Mayor Kasim Reed highlighted the upcoming March 17 infrastructure bond referendum during this morning’s annual State of the City address. He also hyped the city’s banner year in business relocation, business creation and new development at the breakfast hosted by the Coca-Cola Company.
The city has a $900 million backlog in fixing roads, bridges, sidewalks and buildings and the $252 million referendum will go toward reducing that number, Reed said. Public hearings on the referendum continue this month.
“Amid the most difficult financial crisis in over 80 years, we rolled up our sleeves, turned into the fire, and worked through the hardships to set Atlanta on a path to new levels of prosperity,” Reed said. “We’ve seen a convergence of business relocation, business creation and new development that shows our city is getting stronger and stronger every single day.”
Reed cited NCR’s recent announcement of plans to move it’s headquarters to Midtown and the new Porsche headquarters near the airport as examples of Atlanta’s resurgent growth.
Also on the mayor’s agenda: expanding the Atlanta Streetcar east to connect with the Atlanta BeltLine’s Eastside Trail and the transformation of the old Bellwood Quarry site into a reservoir and public park that would be larger than Piedmont Park. He did not discuss how these projects will be funded.
Mayor Reed also highlighted major accomplishments of his first five years in office:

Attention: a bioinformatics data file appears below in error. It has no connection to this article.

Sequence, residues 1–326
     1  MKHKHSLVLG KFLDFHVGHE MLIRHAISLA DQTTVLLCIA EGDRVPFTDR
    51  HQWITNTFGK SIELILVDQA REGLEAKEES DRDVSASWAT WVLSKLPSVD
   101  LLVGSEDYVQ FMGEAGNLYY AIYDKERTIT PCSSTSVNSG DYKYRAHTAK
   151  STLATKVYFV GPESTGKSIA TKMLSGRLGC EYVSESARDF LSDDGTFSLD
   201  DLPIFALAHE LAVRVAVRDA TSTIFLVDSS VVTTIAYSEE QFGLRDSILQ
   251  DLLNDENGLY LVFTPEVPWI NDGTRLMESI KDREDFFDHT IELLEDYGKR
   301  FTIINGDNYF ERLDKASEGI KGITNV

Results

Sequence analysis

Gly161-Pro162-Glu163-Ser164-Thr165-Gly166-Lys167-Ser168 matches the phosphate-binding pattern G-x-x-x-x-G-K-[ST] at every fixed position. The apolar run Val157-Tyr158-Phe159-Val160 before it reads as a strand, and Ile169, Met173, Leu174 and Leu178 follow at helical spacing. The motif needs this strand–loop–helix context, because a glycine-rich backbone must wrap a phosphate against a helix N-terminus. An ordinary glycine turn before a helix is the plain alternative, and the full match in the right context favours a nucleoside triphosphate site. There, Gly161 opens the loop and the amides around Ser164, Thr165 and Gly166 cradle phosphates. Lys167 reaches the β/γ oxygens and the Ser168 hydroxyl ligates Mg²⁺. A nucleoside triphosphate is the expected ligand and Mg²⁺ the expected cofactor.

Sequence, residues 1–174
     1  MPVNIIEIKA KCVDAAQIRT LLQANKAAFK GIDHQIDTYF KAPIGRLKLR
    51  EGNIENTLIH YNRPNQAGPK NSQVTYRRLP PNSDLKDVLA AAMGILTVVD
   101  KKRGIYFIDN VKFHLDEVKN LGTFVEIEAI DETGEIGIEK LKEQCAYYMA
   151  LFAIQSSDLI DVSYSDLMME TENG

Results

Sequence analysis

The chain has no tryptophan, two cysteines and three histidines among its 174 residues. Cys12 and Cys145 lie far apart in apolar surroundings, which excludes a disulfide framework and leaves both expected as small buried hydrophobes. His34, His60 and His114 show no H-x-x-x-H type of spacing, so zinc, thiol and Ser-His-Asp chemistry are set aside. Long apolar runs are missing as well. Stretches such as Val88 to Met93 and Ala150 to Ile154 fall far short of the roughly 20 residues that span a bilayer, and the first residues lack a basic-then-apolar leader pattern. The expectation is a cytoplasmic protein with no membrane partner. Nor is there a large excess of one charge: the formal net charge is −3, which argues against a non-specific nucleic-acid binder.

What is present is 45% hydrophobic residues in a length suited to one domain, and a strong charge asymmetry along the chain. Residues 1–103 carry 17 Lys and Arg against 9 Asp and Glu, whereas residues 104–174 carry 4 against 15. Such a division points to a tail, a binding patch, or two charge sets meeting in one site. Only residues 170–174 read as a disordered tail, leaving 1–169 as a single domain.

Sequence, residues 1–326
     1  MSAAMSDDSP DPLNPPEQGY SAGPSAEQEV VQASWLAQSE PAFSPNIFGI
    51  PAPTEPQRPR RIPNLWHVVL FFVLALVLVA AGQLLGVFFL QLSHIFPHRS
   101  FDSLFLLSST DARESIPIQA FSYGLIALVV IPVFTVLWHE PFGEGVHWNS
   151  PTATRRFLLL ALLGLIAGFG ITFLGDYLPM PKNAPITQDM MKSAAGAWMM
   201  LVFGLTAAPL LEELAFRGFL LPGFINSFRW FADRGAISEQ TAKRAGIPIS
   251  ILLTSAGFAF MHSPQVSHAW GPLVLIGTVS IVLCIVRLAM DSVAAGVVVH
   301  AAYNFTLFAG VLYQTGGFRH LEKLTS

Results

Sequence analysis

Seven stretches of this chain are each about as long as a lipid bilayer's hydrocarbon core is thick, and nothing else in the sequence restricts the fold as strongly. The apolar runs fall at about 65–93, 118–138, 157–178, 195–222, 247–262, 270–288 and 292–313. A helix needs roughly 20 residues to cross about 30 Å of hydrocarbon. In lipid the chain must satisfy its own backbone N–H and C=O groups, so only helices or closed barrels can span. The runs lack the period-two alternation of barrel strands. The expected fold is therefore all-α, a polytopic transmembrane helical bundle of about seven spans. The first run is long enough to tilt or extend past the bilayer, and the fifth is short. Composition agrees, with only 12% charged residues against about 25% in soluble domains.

• Five years of balanced budgets – with no property tax increases – that resulted in growing the city’s cash reserves from $7.4 million in 2010 to more than $138 million dollars;
• Consistent upgrades to the city’s bond rating by Standard & Poor’s and Moody’s;
• Continued development and expansion of the Atlanta BeltLine;
• Expansion of Hartsfield Jackson Atlanta International Airport with new international terminal;
• Launch of Women’s Entrepreneurship Initiative to support and empower women business owners;
• Installation of Google Fiber network throughout Atlanta to provide access to ultra-high-speed internet;
• Creation of Welcoming Atlanta Working Group to foster a welcoming environment for all individuals regardless of race, ethnicity, or place of origin.
“A successful Atlanta is one where everyone shares in Atlanta’s success,” Reed said. “I believe that Atlanta will not simply lead Georgia or the Southeast, but that Atlanta will lead the United States and then the world.”